June 2, 2023

Most of us think that our homes and cars are our most valuable assets, which is why we get insurance for these. However, our most important asset is not among these material things but in our ability to earn income for our living. 

Imagine this: you are at the height of your career, pursuing your dreams, and then, unexpectedly, an unforeseen illness strikes that makes working impossible. Suddenly, your savings for a long-planned vacation, the fund for your child’s education, even your emergency fund (if you have one) are now being used to pay the monthly bills and utilities. Worst case scenario is that you don’t have any savings at all! How will you fund your daily expenses and support your family? 

This is where disability insurance steps in. It is a form of protection for you and your loved ones from the financial difficulties of losing one’s income as caused by a disability. 

What is Disability Insurance?

Disability insurance is a type of coverage that replaces a portion of your income if you suffer an illness or disability and are unable to work. It is not a medical insurance that pays for your hospital bills but an income insurance that safeguards your finances if a prolonged illness or disability prevents you from working.

Disability: Common Causes and Probability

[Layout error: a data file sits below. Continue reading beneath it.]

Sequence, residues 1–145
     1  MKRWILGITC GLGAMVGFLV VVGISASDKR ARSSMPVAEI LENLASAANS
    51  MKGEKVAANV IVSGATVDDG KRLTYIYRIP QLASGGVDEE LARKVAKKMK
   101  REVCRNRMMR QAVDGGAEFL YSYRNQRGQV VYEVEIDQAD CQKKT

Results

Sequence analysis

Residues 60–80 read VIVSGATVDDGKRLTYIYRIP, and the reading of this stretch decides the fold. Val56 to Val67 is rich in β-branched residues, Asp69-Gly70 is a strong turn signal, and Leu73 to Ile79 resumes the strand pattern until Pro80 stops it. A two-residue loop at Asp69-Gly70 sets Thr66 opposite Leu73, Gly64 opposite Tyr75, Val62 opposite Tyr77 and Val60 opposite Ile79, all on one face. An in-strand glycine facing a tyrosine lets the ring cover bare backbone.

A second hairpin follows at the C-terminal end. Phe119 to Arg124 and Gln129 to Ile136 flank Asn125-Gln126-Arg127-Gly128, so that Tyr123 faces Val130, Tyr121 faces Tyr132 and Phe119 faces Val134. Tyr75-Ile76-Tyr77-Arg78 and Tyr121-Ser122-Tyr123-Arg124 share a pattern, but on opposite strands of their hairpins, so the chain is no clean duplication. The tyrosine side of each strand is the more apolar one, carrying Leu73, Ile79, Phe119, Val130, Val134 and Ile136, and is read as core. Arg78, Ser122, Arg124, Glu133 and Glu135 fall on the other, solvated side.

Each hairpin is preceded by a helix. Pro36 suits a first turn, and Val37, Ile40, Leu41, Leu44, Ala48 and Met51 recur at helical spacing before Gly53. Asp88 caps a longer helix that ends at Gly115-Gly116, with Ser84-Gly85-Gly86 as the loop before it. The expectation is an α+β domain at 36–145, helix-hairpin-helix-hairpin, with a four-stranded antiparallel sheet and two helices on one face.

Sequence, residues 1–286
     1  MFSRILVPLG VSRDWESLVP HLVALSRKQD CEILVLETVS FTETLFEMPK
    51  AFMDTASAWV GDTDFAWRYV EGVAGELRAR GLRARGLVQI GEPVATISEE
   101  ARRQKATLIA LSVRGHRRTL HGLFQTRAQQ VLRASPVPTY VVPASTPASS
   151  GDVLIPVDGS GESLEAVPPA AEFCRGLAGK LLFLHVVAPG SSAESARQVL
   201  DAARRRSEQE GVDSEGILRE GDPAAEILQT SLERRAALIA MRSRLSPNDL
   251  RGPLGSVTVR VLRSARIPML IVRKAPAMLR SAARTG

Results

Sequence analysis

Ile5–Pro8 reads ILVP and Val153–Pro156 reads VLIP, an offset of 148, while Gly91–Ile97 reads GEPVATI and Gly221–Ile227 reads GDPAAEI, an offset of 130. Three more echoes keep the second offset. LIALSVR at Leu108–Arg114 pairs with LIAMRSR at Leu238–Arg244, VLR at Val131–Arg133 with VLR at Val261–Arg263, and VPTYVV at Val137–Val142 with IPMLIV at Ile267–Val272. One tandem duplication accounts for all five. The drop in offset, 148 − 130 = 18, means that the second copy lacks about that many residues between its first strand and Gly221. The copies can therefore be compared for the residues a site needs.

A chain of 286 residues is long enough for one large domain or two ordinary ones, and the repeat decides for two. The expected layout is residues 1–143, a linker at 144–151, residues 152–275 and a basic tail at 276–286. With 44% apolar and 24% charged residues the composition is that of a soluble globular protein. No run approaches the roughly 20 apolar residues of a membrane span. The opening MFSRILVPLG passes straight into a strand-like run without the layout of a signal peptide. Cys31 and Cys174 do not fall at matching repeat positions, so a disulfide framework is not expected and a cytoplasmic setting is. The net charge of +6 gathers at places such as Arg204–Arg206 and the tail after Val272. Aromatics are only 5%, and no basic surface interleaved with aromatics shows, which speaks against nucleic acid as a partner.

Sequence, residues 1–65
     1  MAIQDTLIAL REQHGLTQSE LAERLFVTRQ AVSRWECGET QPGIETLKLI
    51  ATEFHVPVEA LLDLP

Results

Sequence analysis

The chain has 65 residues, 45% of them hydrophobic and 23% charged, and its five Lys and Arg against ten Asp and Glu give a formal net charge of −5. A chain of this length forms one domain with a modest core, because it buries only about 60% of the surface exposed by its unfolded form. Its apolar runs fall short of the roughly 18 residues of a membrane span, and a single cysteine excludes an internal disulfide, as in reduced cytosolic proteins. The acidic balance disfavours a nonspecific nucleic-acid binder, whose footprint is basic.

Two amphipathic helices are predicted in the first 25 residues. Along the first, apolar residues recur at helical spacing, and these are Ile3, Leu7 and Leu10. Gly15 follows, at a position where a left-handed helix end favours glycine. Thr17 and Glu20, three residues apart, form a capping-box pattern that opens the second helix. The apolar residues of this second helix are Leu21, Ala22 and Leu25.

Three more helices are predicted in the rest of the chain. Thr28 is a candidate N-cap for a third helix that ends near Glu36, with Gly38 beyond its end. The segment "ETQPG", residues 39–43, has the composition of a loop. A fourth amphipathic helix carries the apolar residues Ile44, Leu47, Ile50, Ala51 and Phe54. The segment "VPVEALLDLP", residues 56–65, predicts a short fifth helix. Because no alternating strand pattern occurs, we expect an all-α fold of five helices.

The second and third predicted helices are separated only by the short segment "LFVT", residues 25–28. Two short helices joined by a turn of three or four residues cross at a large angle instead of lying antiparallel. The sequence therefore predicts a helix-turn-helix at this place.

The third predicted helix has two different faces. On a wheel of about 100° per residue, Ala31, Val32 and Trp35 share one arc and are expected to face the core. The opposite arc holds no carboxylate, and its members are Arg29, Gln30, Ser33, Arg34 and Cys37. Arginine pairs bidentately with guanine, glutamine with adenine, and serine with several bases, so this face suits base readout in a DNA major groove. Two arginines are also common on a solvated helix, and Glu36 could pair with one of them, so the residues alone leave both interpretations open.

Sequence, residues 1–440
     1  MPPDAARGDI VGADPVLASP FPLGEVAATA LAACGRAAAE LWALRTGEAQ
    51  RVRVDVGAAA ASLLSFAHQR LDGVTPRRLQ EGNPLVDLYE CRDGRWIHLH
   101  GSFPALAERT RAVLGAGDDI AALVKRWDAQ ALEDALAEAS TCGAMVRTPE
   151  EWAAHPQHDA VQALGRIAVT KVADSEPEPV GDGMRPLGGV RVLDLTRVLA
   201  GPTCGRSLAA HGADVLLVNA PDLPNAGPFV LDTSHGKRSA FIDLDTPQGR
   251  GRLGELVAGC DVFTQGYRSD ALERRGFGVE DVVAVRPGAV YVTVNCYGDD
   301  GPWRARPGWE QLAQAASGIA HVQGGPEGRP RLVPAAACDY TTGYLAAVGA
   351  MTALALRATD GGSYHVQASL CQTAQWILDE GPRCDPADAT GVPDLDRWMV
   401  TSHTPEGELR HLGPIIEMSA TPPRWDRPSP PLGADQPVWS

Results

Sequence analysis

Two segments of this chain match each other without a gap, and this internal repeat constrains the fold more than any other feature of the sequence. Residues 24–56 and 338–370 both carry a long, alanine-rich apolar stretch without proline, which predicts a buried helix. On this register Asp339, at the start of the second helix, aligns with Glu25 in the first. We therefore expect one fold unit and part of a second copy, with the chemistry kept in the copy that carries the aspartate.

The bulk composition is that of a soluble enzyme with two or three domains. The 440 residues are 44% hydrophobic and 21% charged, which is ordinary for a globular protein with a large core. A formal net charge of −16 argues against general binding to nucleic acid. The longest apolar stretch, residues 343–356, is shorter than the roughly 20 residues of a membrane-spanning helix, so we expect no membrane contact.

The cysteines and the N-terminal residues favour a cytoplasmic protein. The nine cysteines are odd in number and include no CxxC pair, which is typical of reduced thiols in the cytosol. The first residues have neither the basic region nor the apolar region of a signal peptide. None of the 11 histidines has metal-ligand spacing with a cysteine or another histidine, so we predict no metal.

When you hear the term disability, you’d probably think of it being caused by accidents at work, right? Yes, the chances for these things to happen are probably low especially if you have a desk job. But the data might surprise you as to the main culprits of disabilities in America. 

According to the Council for Disability Awareness, the most common reasons for long-term disability claims are illnesses like cancer, heart attack, diabetes, and mental health. While pregnancies, injuries, and digestive disorders are the common reasons for short-term disability claims, the number one reason for disability claims is Musculoskeletal disorders which includes arthritis, back pain, spine/joint disorders, etc.

Based on the 2020 report by the Social Security Administration (SSA), the probability of becoming disabled from age 20 until retirement age is 25 percent (or 1 in every 4 workers). Disabilities can occur to anyone at any time.

Other Benefits of Disability Insurance

Aside from income replacement, in case you are unable to work due to disability, there are several other benefits a disability insurance can give you.

  • Helps cover medical expenses and rehabilitation. Disabilities often require treatments, medical care and/or therapy to help you get back to work. The benefits from the disability insurance can help pay for such expenses.
  • Protects your savings and retirement funds. Your life savings won’t be depleted prematurely if you have disability insurance as an alternative source of income. 
  • Supplements employer coverage. Personal disability insurance can ensure comprehensive coverage that you may tailor according to your needs. This is an addition to an employer-sponsored disability insurance which may have limited or insufficient protection. 
  • Coverage beyond employment. Your personal disability insurance covers you wherever you go if you pay its required premium, while an employer-paid disability insurance ends once you quit your job.